Which Disease Will Be Next?

"It's about anticipating and surveillance and disease control worldwide to stop infection at the source," Soren Alexandersen told the 2010 Banff Pork Seminar.
calendar icon 16 March 2010
clock icon 3 minute read

In a new era of 'One World – One Health', where human, animal and environmental health can no longer be viewed in isolation by either species or geography, this question is an obvious, if daunting one.

Listening to Soren Alexandersen speak on this topic at the Banff Pork Seminar, as it relates to zoonotic pandemic threats such as H1N1 influenza, it quickly becomes apparent the more important yet more challenging question is 'How can we stop it?'.

Soren Alexandersen

For Dr Alexandersen, the Director of the CFIA's National Centre for Foreign Animal Disease, the starting point to both answers is not likely found in Canada or any other first world country, but rather outside the developed world, particularly in disease 'hot-spot' parts of Africa and Asia plagued with overpopulation and poverty.

That brings tremendous logistical challenge, he says. But in today's new age of pandemic threat, tracking down and rooting out emerging problems at their source is by far the best preventative strategy.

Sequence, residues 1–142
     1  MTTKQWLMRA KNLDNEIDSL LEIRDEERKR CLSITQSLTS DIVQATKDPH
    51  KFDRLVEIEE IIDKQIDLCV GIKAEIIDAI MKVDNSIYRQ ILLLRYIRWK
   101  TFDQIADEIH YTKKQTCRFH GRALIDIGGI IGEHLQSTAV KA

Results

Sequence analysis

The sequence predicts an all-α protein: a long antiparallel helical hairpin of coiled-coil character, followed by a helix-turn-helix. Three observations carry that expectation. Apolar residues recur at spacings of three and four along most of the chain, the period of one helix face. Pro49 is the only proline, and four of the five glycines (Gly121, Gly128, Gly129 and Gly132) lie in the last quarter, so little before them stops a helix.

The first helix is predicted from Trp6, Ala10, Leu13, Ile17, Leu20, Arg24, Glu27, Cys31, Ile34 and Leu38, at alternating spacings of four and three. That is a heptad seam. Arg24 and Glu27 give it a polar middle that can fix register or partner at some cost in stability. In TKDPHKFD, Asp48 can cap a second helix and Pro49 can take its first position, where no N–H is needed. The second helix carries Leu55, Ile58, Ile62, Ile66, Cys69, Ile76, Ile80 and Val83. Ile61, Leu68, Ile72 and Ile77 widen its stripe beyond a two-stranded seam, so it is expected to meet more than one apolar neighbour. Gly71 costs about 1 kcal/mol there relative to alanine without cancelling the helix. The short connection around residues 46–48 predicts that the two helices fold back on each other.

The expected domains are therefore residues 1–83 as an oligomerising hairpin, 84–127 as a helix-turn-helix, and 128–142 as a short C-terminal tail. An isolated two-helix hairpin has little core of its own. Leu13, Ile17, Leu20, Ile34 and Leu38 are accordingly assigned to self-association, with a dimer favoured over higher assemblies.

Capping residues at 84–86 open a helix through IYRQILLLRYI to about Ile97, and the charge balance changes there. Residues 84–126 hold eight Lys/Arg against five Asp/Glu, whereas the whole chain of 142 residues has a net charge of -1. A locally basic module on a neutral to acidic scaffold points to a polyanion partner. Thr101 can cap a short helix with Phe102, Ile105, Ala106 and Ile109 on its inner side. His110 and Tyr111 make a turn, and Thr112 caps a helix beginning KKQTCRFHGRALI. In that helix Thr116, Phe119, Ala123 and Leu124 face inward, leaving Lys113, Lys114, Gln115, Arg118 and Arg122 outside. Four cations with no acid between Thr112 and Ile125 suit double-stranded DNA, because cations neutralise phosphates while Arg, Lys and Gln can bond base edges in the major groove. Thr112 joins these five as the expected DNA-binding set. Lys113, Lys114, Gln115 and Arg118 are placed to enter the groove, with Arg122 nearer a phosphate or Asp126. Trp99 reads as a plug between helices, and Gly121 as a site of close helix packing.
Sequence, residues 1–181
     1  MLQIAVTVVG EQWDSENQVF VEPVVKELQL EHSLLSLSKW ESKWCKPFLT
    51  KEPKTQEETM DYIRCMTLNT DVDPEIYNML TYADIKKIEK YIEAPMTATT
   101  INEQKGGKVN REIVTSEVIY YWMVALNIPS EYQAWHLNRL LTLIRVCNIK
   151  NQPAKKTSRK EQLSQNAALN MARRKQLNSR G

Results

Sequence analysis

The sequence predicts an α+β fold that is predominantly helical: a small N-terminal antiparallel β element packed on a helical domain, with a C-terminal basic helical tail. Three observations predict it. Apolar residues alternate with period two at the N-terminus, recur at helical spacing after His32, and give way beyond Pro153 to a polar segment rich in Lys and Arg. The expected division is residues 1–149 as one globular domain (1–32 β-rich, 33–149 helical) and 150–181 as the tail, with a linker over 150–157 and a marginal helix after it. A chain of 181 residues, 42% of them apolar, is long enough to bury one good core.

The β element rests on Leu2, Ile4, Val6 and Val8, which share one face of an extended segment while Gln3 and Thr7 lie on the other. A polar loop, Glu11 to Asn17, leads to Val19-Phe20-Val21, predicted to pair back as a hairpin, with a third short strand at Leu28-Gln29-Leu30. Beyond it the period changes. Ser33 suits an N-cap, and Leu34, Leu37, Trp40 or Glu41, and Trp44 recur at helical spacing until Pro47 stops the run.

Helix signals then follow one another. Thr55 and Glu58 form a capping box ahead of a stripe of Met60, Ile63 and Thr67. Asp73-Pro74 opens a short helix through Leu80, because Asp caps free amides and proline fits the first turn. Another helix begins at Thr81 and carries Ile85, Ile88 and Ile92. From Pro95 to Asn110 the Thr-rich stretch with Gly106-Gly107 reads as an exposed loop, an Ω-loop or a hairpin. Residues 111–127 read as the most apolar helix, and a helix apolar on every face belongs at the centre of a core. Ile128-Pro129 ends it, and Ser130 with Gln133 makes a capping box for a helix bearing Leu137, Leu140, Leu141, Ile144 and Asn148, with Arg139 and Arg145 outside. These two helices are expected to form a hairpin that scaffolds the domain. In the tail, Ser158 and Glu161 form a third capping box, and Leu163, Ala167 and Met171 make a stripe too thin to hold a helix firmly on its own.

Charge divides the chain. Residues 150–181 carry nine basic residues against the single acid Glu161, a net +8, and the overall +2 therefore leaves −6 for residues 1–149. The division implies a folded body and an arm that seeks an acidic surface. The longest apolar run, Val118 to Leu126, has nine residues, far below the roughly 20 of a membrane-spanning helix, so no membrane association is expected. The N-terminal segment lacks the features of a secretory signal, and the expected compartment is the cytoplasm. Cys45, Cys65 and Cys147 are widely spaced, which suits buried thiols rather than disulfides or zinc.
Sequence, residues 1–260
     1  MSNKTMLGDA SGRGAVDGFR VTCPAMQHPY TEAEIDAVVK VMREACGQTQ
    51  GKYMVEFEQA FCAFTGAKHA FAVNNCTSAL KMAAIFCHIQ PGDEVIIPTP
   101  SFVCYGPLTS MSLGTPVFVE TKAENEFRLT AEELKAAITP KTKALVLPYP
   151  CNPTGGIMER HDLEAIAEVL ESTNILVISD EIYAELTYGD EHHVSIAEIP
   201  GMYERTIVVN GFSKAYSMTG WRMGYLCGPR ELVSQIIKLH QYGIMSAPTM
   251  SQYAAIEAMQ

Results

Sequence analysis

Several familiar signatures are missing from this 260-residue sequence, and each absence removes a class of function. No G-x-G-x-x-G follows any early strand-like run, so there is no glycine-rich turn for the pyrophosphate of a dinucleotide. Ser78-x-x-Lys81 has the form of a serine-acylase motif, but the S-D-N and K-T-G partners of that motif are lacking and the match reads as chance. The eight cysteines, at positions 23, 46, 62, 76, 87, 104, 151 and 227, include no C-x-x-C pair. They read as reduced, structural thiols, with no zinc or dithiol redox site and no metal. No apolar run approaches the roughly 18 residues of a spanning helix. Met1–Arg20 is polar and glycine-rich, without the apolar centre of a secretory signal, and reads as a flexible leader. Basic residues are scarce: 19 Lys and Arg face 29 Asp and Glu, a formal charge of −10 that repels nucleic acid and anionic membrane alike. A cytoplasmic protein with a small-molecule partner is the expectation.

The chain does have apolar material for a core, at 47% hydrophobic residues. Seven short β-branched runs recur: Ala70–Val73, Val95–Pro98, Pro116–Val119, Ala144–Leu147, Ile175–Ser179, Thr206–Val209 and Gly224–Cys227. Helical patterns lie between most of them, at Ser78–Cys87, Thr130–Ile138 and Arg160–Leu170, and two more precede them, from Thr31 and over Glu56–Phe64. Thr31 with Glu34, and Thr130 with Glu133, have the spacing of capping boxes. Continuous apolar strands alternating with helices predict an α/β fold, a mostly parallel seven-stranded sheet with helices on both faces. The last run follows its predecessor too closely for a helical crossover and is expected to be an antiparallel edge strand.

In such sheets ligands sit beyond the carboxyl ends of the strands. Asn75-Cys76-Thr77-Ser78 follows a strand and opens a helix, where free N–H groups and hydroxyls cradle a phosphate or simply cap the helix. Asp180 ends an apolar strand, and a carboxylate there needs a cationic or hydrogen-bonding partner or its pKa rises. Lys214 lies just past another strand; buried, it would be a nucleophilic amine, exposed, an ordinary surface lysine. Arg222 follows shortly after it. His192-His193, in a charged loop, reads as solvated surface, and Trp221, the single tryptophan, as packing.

"If we could do surveillance for some of these new pathogens, we may not even know what they are yet, but we think that we could probably find several of them before they become a problem, fix the problem and not get the problem at all."

It is not only a matter of preparing for the next outbreak, he says. "It's about anticipating and surveillance and disease control worldwide to stop infection at the source. This takes working together and getting into those difficult areas. We should not always wait until it comes to the developed world. We have the resources here. We can find it when it comes. But by then it's often too late. This is the cycle that needs to change."

Further Reading

- You can view other reports from the 2010 Banff Pork Seminar by clicking here.

March 2010
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